It’s hard to talk about cryptocurrency without talking about mining. That’s because miners play an integral role in stability, ensuring that crypto transactions run smoothly. In 2017, the price of Bitcoin dropped suddenly and significantly after two factions argued over scalability and the direction of Bitcoin’s future. These problems were, in part, due to the mining community and other members of the Bitcoin network not seeing eye to eye.
This conflict contributed to the creation of the Bitcoin offshoot, Bitcoin Cash. But that topic is for another day. The important thing to note is that miners are an important part of the Bitcoin community.
What do Bitcoin miners actually do?
In short, Bitcoin miners move transactions across the blockchain network. They’re the reason money moves from “Wallet A” to “Wallet B.” Transactions are grouped into blocks and put on the blockchain, where the information is recorded in the decentralized ledger. That ledger is then distributed to everyone running the Bitcoin client, where it’s constantly updated to ensure transaction records remain accurate at all times.
Bitcoin miners make money two ways:
- Through transaction fees.
- With rewards.
Over time, miners receive bitcoin as a reward for running the system. The number of bitcoins released to miners gradually decreases over the years, and will eventually stop completely once all 21 million bitcoins are mined. As of March 2019, approximately 17.6 million bitcoins (nearly 84%) have been mined.
You can keep up with the number of bitcoins in circulation by checking out this website. For a more in-depth Bitcoin guide please go here.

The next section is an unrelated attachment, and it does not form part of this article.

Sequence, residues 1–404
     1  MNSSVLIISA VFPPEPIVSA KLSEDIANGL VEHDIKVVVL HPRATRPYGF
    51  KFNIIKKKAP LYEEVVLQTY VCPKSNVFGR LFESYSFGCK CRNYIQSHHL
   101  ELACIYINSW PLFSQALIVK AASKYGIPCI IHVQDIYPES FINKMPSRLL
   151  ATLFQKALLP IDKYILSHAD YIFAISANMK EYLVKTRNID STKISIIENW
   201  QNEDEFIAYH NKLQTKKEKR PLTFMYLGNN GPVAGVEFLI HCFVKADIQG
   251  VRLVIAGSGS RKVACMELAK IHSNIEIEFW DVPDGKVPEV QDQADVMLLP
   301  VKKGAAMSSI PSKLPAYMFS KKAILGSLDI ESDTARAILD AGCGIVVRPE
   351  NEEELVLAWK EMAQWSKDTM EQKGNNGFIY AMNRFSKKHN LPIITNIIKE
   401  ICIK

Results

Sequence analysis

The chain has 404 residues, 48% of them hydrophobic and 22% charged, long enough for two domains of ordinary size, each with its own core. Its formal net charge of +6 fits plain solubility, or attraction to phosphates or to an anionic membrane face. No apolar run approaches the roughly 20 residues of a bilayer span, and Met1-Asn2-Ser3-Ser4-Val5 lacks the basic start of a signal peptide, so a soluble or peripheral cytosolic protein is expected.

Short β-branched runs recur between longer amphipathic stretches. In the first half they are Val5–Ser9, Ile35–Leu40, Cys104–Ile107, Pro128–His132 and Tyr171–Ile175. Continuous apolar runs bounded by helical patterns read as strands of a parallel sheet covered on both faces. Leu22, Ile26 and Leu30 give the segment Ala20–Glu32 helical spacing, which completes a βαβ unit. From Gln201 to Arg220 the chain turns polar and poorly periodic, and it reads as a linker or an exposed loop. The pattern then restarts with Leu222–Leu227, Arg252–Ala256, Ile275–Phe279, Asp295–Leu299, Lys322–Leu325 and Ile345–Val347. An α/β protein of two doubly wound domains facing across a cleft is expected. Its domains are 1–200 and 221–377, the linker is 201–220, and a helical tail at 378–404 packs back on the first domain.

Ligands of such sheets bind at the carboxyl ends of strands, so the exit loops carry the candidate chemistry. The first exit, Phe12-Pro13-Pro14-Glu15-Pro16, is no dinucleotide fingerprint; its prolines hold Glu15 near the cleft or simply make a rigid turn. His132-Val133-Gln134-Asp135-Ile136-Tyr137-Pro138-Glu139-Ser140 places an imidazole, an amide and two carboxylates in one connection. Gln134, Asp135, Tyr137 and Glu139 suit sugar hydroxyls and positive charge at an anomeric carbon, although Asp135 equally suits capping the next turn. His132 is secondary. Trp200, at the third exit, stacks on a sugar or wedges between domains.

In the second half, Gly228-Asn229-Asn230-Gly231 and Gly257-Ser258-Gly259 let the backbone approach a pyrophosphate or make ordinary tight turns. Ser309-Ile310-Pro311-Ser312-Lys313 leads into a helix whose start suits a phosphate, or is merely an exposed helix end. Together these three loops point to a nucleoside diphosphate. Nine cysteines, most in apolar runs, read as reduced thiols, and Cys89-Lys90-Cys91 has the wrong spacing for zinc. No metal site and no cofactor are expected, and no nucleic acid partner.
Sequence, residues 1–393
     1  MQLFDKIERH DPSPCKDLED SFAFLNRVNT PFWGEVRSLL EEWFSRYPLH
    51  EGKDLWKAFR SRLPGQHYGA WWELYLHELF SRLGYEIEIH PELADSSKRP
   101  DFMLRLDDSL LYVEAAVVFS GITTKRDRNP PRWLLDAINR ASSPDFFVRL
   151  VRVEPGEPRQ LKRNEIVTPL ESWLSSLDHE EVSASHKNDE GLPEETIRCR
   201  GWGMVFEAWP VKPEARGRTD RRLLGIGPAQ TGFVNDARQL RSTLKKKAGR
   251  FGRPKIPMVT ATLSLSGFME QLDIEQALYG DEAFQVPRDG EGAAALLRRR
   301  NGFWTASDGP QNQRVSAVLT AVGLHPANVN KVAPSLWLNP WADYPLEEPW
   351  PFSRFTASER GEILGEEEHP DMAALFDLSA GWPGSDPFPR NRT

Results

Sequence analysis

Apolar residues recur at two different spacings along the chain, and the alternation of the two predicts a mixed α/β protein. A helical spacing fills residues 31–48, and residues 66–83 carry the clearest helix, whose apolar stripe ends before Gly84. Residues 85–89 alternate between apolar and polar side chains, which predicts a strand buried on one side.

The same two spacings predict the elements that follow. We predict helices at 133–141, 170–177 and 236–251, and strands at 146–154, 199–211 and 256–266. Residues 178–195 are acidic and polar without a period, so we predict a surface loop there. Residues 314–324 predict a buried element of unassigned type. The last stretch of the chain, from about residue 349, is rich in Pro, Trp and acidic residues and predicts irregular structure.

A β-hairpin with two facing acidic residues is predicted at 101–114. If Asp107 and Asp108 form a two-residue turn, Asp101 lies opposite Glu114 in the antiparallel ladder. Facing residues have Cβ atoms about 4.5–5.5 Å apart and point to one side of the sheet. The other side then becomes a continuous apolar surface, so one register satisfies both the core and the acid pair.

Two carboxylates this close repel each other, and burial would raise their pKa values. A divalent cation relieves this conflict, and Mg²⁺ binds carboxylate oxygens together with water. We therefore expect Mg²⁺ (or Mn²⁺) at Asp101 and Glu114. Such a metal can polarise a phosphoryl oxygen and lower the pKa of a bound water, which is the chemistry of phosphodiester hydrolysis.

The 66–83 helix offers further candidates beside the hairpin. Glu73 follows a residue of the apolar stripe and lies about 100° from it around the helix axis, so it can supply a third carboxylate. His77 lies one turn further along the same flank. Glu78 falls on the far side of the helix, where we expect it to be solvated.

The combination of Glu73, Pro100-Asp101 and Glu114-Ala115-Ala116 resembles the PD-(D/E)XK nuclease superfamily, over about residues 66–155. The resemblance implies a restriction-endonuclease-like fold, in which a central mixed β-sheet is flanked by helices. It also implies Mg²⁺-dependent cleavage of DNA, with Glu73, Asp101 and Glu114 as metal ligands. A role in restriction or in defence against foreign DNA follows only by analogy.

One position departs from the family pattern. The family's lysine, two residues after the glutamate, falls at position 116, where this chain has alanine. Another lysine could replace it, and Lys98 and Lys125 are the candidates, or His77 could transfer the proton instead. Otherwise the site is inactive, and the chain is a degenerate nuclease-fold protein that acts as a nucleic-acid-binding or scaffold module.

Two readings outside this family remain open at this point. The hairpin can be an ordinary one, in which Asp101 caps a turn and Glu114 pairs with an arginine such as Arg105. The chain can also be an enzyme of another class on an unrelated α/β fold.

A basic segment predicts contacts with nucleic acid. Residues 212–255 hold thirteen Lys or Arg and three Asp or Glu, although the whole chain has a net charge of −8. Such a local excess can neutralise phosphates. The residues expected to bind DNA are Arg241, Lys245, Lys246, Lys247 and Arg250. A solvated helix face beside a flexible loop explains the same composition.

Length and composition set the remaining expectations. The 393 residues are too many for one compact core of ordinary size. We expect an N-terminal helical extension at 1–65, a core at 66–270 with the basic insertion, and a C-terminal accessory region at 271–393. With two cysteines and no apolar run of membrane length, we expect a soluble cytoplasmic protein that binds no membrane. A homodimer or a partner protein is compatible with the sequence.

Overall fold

Can anyone become a Bitcoin miner?
In the early 2010s, there were reports of people mining bitcoins using their laptop or home computer. While that may have worked back when the network was small and relatively new, it won’t work today.
Most Bitcoin miners use special computers with ASIC hardware designed solely for mining cryptocurrency. The hardware they use has been optimized to provide the perfect balance between power and energy efficiency, so that mining bitcoins remains financially sustainable.
There’s also the issue of startup fees. Mining hardware starts at $2,000 to $3,000. And due to the fact that almost 84% of bitcoins have been mined, unlocking rewards isn’t as easy as it was seven or eight years ago. Especially if you’re mining with only one computer. For this reason, Bitcoin mining is largely restricted to people with access to cheap or renewable energy, as well as enough money to run several mining rigs at once.
Still interested? If you don’t have the money to build your own personal Bitcoin mining farm, there’s always the option of mining altcoins. The payout isn’t as big right now, but it’s a great way to accumulate tokens to hold onto.
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